The seats and lawn were filling up fast as Def Leppard‘s 8 PM set time approached, and when the moment arrived, nearly 95% of this 18000-capacity venue was occupied with eagerly awaiting fans. The giant screen in the stage backdrop and the two smaller screens on either side of the stage were now operational to give the distantly situated sections of the audience a closer view of on-stage proceedings. The Who’s “Won’t Get Fooled Again” was played on the PA as a prelude to the band’s arrival on stage, and they finished off the song by playing its ending live before kicking off their own set with the song ‘Let It Go’ off of the 1981 High ‘n’ Dry album, the only old-school hard-edged rock tune in the entire 80-minute set. I honestly never took the time to familiarize myself with Def Leppard’s catalog and I would neither call myself a fan of theirs nor a hater, but over the years I’ve definitely encountered some of their biggest hits as they’re the popular choice amongst DJs at bars, clubs and during intermissions at rock shows. So I approached this Def Leppard set with no expectations whatsoever, but it went down pretty much exactly how I imagined it would, overloaded with the mainstream hits, all of which sounded extremely repetitive to the extent that even 4-5 minute songs felt long. The song “Foolin'” was certainly enjoyable though, as was the instrumental “Switch 625”. But on the other side of the spectrum was ‘Pour Some Sugar On Me’, the worst song in the history of worst songs. Despite my overall lack of entertainment during this Def Leppard set, I have to commend vocalist Joe Elliott for his delivery, as he sounded amazing and a lot better than most singers still fronting older rock bands nowadays, including the frontman who took the stage here immediately after Def Leppard. His band mates, specially Phil Collen and Vivian Campbell on guitar also put on a respectable show on their respective instruments, and even though the music the band chose to present in this set didn’t interest me nearly enough, the five members’ performance and stage presence made it tolerable to a large extent.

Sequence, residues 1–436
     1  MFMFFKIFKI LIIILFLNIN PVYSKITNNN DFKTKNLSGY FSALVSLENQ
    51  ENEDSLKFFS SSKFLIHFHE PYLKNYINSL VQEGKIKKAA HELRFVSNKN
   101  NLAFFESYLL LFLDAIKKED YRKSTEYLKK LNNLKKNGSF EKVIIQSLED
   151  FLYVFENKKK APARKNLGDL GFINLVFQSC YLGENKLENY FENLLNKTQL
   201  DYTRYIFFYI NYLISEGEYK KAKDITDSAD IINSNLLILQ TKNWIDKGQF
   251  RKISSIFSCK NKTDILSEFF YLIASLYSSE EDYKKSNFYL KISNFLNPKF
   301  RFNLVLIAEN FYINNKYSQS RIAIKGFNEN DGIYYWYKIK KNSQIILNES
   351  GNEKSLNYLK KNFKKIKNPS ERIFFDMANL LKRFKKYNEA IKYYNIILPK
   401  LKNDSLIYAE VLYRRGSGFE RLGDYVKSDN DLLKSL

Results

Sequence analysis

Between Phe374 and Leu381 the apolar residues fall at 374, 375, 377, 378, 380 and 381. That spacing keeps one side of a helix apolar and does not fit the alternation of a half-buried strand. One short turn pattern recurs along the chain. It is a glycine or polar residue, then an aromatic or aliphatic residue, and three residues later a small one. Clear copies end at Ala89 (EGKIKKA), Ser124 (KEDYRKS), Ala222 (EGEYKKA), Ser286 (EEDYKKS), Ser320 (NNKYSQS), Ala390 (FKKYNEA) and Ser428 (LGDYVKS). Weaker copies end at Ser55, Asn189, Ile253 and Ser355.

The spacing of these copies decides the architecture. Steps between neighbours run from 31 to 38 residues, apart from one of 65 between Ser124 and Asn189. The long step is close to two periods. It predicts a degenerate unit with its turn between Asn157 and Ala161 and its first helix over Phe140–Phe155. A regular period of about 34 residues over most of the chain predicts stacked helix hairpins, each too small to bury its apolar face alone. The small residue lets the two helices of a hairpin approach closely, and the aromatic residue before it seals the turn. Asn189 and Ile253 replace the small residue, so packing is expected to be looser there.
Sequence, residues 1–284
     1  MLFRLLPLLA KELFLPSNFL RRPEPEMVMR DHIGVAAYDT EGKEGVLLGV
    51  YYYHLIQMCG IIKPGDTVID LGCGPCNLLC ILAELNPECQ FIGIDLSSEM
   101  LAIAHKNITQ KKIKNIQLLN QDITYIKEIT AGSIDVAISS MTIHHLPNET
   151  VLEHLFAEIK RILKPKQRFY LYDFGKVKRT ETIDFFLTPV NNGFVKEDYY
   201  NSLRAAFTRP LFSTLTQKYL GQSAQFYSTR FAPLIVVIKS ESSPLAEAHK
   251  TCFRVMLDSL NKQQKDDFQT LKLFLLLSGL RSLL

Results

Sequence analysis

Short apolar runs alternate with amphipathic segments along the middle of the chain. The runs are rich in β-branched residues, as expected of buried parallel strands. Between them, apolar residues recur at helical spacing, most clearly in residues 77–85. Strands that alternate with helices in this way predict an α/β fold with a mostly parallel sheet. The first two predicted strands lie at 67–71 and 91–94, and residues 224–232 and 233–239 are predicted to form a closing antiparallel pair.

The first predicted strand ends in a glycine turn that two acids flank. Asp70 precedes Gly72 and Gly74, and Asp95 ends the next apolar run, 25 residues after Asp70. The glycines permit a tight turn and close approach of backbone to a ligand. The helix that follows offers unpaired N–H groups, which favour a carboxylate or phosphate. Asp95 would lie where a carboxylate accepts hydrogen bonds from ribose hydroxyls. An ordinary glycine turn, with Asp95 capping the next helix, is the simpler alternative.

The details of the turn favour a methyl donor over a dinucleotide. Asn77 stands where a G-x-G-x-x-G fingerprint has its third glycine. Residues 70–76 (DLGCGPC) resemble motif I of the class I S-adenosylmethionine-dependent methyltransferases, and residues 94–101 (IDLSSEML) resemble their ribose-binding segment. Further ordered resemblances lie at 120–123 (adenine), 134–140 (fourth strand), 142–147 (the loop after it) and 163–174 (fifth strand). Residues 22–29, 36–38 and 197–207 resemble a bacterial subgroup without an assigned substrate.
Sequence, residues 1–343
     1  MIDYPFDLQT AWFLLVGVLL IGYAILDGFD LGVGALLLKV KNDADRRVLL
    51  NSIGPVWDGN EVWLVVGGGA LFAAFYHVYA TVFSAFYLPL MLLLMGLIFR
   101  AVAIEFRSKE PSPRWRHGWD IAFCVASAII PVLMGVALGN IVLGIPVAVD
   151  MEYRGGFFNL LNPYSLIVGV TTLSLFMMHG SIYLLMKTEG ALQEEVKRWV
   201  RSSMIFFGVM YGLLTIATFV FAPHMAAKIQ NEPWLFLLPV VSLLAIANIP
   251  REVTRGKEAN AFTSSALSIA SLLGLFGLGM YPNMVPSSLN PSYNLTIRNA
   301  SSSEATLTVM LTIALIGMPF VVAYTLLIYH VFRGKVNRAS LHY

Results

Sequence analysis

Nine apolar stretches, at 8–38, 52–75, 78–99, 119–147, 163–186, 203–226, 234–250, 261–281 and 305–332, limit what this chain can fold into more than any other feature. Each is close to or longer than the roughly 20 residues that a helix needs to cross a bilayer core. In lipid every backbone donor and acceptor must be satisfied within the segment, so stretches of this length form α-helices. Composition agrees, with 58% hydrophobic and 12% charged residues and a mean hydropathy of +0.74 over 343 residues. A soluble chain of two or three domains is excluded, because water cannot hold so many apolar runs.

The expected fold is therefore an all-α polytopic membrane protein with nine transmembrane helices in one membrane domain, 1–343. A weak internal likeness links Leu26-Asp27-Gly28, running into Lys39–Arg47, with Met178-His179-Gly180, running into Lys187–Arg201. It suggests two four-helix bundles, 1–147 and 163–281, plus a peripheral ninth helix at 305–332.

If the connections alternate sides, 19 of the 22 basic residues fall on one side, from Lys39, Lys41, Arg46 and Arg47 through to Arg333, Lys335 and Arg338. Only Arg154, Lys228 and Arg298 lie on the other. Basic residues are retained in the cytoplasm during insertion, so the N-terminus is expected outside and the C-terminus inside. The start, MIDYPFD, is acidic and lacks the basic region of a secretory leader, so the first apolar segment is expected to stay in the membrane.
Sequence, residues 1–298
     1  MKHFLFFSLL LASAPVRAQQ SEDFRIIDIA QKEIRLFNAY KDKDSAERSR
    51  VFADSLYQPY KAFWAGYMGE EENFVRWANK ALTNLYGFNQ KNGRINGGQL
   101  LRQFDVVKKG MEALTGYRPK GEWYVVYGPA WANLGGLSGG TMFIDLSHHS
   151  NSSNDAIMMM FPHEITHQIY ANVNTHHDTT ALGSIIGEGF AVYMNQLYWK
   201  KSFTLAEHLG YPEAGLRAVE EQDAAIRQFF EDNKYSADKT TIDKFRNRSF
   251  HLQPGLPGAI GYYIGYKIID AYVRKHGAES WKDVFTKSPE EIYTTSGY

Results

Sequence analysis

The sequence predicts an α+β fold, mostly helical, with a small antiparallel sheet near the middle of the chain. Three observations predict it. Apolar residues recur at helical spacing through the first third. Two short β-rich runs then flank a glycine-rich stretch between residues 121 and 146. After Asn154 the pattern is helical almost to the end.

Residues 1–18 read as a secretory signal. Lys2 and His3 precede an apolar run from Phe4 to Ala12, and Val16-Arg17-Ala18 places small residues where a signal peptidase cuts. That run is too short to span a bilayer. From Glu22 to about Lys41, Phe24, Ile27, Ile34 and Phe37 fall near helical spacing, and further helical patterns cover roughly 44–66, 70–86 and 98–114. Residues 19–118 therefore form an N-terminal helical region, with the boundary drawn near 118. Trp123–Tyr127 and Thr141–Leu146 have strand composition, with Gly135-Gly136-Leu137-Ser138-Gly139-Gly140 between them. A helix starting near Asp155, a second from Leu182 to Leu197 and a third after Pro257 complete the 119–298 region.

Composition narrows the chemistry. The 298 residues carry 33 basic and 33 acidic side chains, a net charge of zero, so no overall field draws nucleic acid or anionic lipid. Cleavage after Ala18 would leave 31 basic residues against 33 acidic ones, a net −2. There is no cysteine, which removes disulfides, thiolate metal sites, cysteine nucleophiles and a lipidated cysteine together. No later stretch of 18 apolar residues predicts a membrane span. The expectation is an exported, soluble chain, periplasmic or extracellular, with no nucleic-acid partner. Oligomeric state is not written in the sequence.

01. Won’t Get Fooled Again (The Who cover, ending only)
02. Let It Go
06. Love Bites
07. Let’s Get Rocked
08. Two Steps Behind (Acoustic)
09. Bringin’ On The Heartbreak (Acoustic/Electric)
10. Switch 625
12. Armageddon It
13. Pour Some Sugar On Me
14. Rock of Ages